In plain English: What are cookies – and why are they on the way out?
By Rachel Foskett, Senior product marketing manager
A blog series explaining some of the concepts, processes and technologies we need to do our jobs – in plain English.
‘Cookies’ is a piece of tech-speak that’s now making its way into the general population. People are much smarter now as to the ways they are tracked online. And that’s why it’s such a massive topic – both for the general public and for those of us working in the digital ecosystem.
Over the last few years, regulators all over the world and even internet companies themselves have introduced more stringent data protection policies to protect consumers by limiting the ways their personal data can be collected, stored and used. One of the most important and far-reaching things internet companies have done to react to these laws is to crack down on cookies.
But why? And what does this mean for digital advertising?
What is a cookie?
To start with, let’s go back to basics.
Essentially, a cookie is a small text file that is stored on your web browser with some data in it. They were invented to solve the problem of remembering useful information when a person surfs the web – anything from remembering your login details to knowing your favorite pages.
In digital advertising, there are two main types of cookies.
First-party cookies are placed on your browser by the host domain (i.e. the website you’re actually visiting). So, for example, if you visit a clothing website and add some shoes to your basket, they might place a cookie on your browser that remembers the contents of your basket so the same shoes are there next time you visit the site.
Third-party cookies are placed on your browser by partners and companies that don’t own the website you’re visiting. Generally, this is ad tech businesses like demand-side-platforms (DSPs) or measurement partners. These cookies can be read by any website that uses that third-party partner’s code. If we go back to our example of browsing for shoes, a third-party cookie would allow another business to show you an ad for the shoes in your basket, or a similar pair of shoes.
As well as being used for targeting, third-party cookies have also been a fundamental part of most digital advertising measurement. This is because they ‘remember’ that an ad was shown to a person on one website, allowing us to link that to that same person buying a product or visiting another website after seeing that ad.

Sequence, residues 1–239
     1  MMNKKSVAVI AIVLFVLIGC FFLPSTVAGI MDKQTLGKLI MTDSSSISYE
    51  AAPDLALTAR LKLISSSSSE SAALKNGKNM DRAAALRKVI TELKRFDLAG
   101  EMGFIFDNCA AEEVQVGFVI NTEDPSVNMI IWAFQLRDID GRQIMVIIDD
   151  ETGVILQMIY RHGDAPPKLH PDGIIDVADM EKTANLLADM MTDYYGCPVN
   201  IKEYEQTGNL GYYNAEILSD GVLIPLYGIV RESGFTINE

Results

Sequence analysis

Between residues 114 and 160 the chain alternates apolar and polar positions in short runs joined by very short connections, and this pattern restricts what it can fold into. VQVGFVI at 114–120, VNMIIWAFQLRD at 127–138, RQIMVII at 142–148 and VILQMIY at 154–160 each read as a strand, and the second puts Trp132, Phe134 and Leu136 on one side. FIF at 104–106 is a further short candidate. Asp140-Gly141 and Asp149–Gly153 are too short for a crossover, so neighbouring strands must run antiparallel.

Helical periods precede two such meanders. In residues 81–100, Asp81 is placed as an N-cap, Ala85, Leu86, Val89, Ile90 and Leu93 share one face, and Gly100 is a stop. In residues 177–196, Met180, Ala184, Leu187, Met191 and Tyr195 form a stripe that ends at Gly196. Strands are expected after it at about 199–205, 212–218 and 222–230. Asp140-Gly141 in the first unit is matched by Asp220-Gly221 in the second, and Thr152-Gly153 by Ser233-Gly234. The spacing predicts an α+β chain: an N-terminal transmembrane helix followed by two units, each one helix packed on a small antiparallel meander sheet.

So, what’s the problem with cookies?
For several years, there have been concerns about internet companies exploiting individuals’ data through the use of third party cookies. The idea of that company you’ve never heard of using data about your internet browsing behavior, to most people, feels pretty invasive. That’s what privacy laws such as the General Data Protection Regulation (GDPR) in Europe are designed to prevent – and they specifically expand the definition of ‘personal data’ to include cookies in order to limit their unbridled use.
And with this change in regulation, internet browsers have responded. In 2017, Firefox and Safari blocked the use of third-party cookies on their browsers. And, while they are currently still allowed on Google Chrome, the browser that takes the biggest share of web-surfing, just over 60%, Chrome has recently announced they will be blocking third party cookies within the next two years.
From that point, third-party cookies will be essentially defunct.
The cookieless future
Up to now, the third-party cookie has been a fundamental element of digital advertising. With the end in sight, the whole industry is now looking for ‘cookieless’ alternatives in order to continue the audience segmentation, targeting and measurement that makes digital advertising such a powerful tool for marketers and keeps much of the digital economy alive.
So what does the cookieless future look like? Take a read of our blog In plain English: How does cookieless targeting work? to find out.
If you would like to learn more about how to prepare for a cookieless world, book an MiQ Unlocked session or get in touch.